FRIDAY meant an emotional goodbye for the pupils, parents and staff at a longstanding school in Ceiriog Valley.

The school bell at Ysgol Pontfadog rang out to signal the end of term for one last time, bringing an end to its services after 110 years.

A decision was made in 2018 to close the English-medium school which teaches fewer than 20 primary school children, despite more than 1,300 objections being made.

Staff and the Parent-Teacher Association (PTA) at the school ensured the day was even more unforgettable, by arranging a fun day for pupils and parents to enjoy.

Teacher Katherine Langford praised the work of the PTA and the support the school has received over the years.

She said "Since Christmas time really, we have been preparing for today.

"We’ve been doing a lot with the community and the PTA have been amazing.

"We’ve planned events like today and extra trips and a leaver’s ceremony – I don’t think there was a dry eye in the room on that day.

"The children have had ups and downs, but we’ve tried as staff to make it as positive as we possibly can to keep them upbeat, but naturally of course they’ve been upset.

"We’d just like to thank the parents, children and community.

"The backing this school has received is absolutely amazing.

"If you came to a fun day, concert or school fair, anything at all, we are backed by everyone here.

"The support for a school of such small numbers is unbelievable."

Fellow member of staff Steffan Williams reflected on his time teaching at the school.

He added: "I’ve absolutely loved it.

"It’s a small team of four that are here regularly – it’s literally like a family.

"There are fewer than 20 children here, it’s not something you get it many places.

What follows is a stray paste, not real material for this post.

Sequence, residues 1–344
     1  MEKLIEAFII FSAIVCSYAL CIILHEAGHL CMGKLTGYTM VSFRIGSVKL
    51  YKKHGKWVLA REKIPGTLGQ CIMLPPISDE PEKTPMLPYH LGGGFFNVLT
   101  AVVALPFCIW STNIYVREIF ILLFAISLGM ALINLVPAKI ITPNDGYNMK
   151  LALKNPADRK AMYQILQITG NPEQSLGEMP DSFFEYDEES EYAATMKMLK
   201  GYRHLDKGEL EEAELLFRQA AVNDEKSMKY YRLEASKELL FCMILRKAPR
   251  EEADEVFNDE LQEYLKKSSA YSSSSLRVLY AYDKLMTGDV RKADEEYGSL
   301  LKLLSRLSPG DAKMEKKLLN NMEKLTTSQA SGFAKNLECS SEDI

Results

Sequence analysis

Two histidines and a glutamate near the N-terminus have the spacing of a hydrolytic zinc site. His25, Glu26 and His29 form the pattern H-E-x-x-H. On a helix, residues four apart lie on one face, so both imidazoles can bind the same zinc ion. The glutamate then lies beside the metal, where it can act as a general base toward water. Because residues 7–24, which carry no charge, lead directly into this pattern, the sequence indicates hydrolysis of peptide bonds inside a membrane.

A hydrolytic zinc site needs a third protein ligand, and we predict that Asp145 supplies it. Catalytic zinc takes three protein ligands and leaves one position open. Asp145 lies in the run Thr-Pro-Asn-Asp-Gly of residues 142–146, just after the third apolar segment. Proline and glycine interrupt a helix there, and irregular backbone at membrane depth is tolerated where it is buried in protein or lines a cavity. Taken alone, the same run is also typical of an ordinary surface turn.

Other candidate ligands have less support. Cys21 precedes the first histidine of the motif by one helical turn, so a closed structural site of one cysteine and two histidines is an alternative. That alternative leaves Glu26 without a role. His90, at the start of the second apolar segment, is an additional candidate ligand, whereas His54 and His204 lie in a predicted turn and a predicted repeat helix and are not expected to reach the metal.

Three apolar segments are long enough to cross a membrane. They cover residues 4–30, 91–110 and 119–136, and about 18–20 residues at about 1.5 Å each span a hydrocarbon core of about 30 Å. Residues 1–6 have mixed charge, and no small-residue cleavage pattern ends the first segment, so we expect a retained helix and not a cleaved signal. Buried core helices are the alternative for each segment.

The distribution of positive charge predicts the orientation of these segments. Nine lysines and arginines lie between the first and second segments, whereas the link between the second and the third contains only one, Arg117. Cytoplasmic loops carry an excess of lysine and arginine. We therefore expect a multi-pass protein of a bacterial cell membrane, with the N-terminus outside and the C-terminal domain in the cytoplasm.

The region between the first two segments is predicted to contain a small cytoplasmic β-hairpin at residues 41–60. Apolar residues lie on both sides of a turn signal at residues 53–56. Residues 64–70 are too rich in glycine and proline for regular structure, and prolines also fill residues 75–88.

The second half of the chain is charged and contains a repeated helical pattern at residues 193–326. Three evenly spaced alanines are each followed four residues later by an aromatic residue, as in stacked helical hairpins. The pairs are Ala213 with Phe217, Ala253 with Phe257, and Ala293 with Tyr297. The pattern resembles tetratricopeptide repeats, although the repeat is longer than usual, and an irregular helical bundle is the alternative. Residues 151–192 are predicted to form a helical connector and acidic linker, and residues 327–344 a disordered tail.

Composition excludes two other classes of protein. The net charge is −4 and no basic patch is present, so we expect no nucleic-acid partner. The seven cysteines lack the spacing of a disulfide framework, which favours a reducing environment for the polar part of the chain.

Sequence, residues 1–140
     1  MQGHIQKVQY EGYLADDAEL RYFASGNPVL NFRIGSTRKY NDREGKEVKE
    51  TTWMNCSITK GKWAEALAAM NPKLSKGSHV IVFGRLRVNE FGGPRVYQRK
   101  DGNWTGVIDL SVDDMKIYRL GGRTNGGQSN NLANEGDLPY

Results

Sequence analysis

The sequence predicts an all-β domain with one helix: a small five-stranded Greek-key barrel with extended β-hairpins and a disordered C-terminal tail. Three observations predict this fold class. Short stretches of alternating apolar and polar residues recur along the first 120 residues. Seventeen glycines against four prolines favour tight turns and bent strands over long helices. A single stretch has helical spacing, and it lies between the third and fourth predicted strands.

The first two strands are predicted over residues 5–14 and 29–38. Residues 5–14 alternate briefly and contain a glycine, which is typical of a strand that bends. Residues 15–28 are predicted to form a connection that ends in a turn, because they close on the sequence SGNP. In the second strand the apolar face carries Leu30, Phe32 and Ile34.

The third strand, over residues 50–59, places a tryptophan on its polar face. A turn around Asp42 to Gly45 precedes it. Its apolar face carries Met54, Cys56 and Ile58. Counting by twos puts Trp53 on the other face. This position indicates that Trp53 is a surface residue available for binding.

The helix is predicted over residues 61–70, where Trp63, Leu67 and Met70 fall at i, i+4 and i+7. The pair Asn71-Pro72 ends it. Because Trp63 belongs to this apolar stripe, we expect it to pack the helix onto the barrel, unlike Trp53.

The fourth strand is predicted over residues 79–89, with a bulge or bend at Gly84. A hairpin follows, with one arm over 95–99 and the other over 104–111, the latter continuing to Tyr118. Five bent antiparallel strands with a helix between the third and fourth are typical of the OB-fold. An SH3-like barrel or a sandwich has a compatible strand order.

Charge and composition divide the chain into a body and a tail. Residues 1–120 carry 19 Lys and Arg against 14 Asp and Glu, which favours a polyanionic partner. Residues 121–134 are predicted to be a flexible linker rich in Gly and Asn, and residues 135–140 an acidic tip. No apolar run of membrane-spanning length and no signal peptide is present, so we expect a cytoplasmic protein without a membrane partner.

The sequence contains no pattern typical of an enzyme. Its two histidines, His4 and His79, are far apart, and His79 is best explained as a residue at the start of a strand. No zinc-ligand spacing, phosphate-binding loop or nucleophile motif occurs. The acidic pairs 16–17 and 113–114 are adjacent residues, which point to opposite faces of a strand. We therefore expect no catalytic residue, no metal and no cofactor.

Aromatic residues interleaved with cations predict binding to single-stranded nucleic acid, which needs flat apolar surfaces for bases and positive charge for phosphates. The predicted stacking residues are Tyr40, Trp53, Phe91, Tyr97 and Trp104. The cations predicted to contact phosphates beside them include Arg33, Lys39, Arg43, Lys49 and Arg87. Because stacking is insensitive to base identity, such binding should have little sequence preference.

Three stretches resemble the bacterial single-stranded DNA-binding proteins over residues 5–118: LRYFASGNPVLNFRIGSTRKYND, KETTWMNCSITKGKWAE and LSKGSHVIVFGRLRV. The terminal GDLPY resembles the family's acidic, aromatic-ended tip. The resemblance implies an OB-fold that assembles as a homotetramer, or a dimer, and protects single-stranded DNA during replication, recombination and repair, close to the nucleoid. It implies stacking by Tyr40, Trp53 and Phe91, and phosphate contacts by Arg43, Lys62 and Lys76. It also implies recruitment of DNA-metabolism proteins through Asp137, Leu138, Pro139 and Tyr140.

"It’s lovely."

Meanwhile children at the school will now be preparing to embark on a new journey as they get set to restart their education elsewhere come September.

Year 3 pupil Tomos Humphreys said: "I don't think it's fair at all that our school has closed down.

"My friends have been very upset. My cousin has to go to a different school because it's closing, and all my friends are going to different schools.

"I've spent half my life here. I would like to thank my teachers and wish them all good luck."

Current and former staff members and pupils visited to attend the ringing of the school bell for the final time.

Mair Evans, who was originally a pupil at Ysgol Pontfadog and went on to be a teacher, gave a special mention to the children who attended the school.

She said: “I came back here [as a teacher] in 2009 – I was originally a pupil here 60 years ago.

“One of my teachers who taught me when I was just five years old came back to visit earlier today, I’m so happy we were both here.

“I wasn’t going to come initially because this place holds too many memories for me, it’s very emotional and sad.

“But I’m glad I’ve come down. I am retiring now; I don’t know what I’ll do.

“I’d also like to make a note of saying that the kids here are absolutely lovely – they’re country kids.

“It’s a lovely school with nice, friendly staff and supportive parents – it will be a great loss.”

Former pupil and now PhD graduate Erin Lloyd Jones reflected on her time as a pupil 30 years ago.

She added: “My family moved here from Yorkshire and I started here aged four learning Welsh – it was absolutely wonderful.

“Because it was such a close-knit community and the classes weren’t too big, you got plenty of attention and made so many close friends.

“I live about an hour away, but I’ve come back for today specifically. It’s sad it’s not going to be a place of learning anymore because I have such fond memories of this place.

“I feel as though it’s a place which set me up to do well, so it’s sad nobody else will be able to experience that.”

Meanwhile, Wrexham County Borough Councillor for Ceiriog Valley Trevor Bates addressed everyone at the school before the final bell rang.

He said the closure of the school was the last thing he wanted to happen.

“It’s really not good. What we must try to do is remember the good things,” he said.

“This school has provided so many people with an education to go on and do so many great things.

“It’s been a part of everyone’s lives here for so long, and throughout the campaign to keep the school open, the people of this village have acted with such dignity in their actions.

“I think that says a lot about the community we live in.

“I’m awfully sorry to see this happen, I’m not sure what else there is I can say.”